Using real life client scenarios is a powerful training strategy

Getting the best out of your future financial planners

It’s a well-known fact that the primary reason people leave a job is dissatisfaction with a manager, rather than the company. So, when I was asked to help mentor and train three of our future financial planners in Leeds, with no experience of ‘people management’, I initially found the prospect quite daunting. How would I inspire and get the best out of them?

Fast forward 18 months into the role and it is honestly one of the most fulfilling aspects of my job as a paraplanner. So, I’m keen to share a few tips I’ve learned along the way.                                         

#1 Listen

“Most people do not listen with the intent to understand; they listen with the intent to reply”

Stephen R. Covey

This insightful quote rings very true and is one of our biggest communication problems. Interestingly it applies as readily to the adviser/client relationship as the mentor/trainee one. Whilst your job is to guide and impart knowledge and experience, it’s not for the purpose of showcasing your own technical skills and proving you’re the best.

Careful listening is key to understanding and motivating people, providing your mentees with the chance to express their hopes, ambitions, fears and ultimately, making them feel valued. It’s also the key to understanding a person’s unique skillset; everyone brings different attributes and skills to the party.

#2 Build confidence

Give your team responsibility and keep them challenged, but set small goals to start with so they can demonstrate they have mastered a skill, for example getting them involved in administering the annual review process or gathering policy information to develop their understanding of products as part of a solution. Start with simple transactional client report writing, then progressively move on to more challenging and complex client scenarios.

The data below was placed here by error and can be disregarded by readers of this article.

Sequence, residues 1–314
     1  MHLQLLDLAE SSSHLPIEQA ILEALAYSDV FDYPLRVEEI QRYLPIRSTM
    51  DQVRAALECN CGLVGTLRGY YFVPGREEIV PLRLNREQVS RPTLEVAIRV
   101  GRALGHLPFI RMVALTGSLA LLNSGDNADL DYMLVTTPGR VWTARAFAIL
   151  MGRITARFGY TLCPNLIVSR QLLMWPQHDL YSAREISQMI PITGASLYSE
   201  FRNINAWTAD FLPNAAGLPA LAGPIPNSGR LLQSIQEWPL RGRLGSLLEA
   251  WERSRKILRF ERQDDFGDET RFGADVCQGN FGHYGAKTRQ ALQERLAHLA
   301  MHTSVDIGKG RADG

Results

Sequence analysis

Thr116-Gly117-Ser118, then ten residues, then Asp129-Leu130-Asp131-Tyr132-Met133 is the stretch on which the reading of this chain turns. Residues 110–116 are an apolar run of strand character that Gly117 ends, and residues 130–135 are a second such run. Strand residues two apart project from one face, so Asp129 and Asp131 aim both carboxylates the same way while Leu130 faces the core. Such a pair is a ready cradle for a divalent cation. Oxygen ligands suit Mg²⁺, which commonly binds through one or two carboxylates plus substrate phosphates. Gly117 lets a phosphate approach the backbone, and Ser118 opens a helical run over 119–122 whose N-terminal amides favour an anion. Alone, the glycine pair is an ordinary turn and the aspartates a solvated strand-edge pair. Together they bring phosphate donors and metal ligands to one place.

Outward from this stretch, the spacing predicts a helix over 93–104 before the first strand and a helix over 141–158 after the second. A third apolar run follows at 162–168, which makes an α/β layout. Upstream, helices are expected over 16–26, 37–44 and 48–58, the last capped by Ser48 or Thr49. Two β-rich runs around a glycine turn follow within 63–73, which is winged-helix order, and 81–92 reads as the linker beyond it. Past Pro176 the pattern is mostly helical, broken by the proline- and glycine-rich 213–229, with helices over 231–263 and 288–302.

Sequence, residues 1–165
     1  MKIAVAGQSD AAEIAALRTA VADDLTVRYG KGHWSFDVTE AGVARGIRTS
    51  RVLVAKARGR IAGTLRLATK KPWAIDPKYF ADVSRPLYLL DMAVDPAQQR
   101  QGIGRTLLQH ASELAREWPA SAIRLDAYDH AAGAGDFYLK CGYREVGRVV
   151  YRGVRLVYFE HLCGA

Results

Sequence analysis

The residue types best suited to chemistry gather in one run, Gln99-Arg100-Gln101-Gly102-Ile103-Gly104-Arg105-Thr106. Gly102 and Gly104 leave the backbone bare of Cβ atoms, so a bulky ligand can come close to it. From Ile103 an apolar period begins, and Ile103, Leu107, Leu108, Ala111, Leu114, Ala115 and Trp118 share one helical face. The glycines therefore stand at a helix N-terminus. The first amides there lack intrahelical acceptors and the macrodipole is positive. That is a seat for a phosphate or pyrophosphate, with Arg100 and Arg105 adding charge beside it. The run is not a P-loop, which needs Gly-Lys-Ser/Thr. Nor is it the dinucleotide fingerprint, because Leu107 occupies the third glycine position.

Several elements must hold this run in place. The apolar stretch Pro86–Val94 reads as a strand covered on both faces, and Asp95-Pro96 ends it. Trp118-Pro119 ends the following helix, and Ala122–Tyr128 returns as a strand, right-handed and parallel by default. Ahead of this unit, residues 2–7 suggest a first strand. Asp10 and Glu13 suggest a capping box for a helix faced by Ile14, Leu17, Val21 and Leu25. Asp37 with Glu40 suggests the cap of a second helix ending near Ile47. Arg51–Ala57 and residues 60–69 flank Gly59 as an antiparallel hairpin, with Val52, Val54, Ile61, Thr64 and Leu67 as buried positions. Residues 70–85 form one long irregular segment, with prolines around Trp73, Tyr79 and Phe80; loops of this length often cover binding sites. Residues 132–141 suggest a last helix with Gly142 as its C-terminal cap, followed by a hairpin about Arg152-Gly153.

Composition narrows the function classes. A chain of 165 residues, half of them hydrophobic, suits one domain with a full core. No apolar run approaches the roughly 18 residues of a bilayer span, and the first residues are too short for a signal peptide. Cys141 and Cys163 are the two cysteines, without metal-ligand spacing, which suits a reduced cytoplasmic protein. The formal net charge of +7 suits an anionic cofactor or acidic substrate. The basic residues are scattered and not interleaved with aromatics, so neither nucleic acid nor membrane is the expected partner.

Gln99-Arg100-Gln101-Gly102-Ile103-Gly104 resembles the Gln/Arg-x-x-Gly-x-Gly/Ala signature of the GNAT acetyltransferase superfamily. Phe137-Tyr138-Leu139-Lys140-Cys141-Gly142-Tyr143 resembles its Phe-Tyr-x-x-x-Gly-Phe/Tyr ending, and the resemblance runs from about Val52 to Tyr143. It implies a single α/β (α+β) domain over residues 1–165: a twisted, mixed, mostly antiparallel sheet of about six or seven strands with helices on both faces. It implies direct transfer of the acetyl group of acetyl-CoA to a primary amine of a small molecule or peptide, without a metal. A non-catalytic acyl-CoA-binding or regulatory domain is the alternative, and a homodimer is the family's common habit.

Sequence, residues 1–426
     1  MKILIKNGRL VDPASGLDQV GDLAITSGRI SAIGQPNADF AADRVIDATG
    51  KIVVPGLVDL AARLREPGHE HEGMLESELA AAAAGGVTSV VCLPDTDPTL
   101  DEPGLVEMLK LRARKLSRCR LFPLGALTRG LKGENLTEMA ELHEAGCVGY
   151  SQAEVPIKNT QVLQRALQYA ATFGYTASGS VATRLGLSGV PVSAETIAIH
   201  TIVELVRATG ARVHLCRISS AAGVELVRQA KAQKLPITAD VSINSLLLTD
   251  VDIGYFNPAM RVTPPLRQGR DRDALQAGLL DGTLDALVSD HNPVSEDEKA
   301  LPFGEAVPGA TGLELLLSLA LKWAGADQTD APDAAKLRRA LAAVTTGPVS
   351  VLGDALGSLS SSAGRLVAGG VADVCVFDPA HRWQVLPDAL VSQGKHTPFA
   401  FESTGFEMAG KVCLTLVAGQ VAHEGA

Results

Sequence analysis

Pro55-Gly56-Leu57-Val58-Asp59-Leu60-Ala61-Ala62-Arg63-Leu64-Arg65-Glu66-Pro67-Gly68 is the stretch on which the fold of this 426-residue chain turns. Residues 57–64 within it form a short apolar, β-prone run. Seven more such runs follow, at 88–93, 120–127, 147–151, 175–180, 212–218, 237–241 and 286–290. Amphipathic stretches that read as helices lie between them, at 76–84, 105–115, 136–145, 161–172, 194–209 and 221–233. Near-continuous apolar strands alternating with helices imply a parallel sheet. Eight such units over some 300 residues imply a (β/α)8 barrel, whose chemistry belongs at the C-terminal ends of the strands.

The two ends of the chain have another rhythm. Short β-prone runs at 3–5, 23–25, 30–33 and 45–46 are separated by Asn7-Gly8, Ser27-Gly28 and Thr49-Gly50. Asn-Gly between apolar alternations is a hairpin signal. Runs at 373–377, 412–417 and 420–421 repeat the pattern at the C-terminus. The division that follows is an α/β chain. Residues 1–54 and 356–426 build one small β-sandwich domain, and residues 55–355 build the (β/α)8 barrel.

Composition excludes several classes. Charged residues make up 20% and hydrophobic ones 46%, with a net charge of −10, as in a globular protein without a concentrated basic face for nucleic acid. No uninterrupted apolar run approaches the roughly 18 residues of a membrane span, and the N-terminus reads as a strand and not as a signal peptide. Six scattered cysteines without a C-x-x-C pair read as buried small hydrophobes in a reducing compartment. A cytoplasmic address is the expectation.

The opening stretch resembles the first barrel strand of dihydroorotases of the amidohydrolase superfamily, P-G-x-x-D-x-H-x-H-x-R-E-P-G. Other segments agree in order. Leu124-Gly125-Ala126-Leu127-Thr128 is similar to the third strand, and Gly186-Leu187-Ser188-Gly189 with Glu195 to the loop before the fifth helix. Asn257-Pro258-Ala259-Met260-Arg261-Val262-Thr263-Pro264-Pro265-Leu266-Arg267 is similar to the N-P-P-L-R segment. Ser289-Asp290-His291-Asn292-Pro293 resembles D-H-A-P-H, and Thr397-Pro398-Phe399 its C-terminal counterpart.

#3 Have a clear, structured plan

People perform better when they know what they’re aiming for. Having a structured training plan in place is paramount, setting out where they need (and want) to be, and how to get there.

The trick is to hold regular one to ones and give feedback frequently, at least once a month but maybe as much as once a week in the early stages, rather than saving it all for the dreaded annual review.

At Mazars we’re fortunate to have an award-winning structured training programme for our future financial planners. The scheme runs for 4 years, with years 1 and 2 focusing on building the foundations of technical knowledge and their understanding of financial planning. A key part of it involves getting to grips with creating their own solutions and ideas to client scenarios through report writing and working alongside a paraplanner and the financial planners.

The final two years are spent focusing on soft skills training to prepare them for engaging with clients, building on their understanding of why we do what we do and the impact that financial planning has on our clients. This is all backed up by completing the financial planning exams to get them on the road to becoming Chartered.

#4 The power of the real-life client scenario

Using case studies based on real-life client scenarios is a powerful training strategy. Alongside day to day client exposure, our trainee planners get to hone their skills through a series of case studies throughout the 4 year programme. They create a holistic financial plan based on a real case file note and a set of questions, designed to encourage them to reason critically about a client’s situation and explore appropriate planning solutions – in particular where and when to apply particular solutions and strategies to solve specific planning issues.

The scenario was fairly complex

Having entered (and won!) the 2020 CISI Paraplanner of The Year award, when the idea was put to me by Mazars’ Training & Competence Manager, I jumped at the chance to facilitate a case study based on the award. The scenario was fairly complex, based upon a later life, vulnerable client situation, addressing income sustainability and the conflict between long term care needs and estate planning.  

Financial Planning sits at the heart of conversations

With cashflow planning an absolute must for these clients, this helped encourage our future planners to think holistically about why financial planning needs to sit at the heart of our conversations with clients, rather than focusing on the investment strategy, performance or on one area of an individual’s finances in isolation. It was great to see our trainee planners really engage with the case in the group debates.

These discussions in my view are where the real value lies, as they uncover a planner’s values, different perspectives and ideas, encouraging them to challenge their own understanding and biases.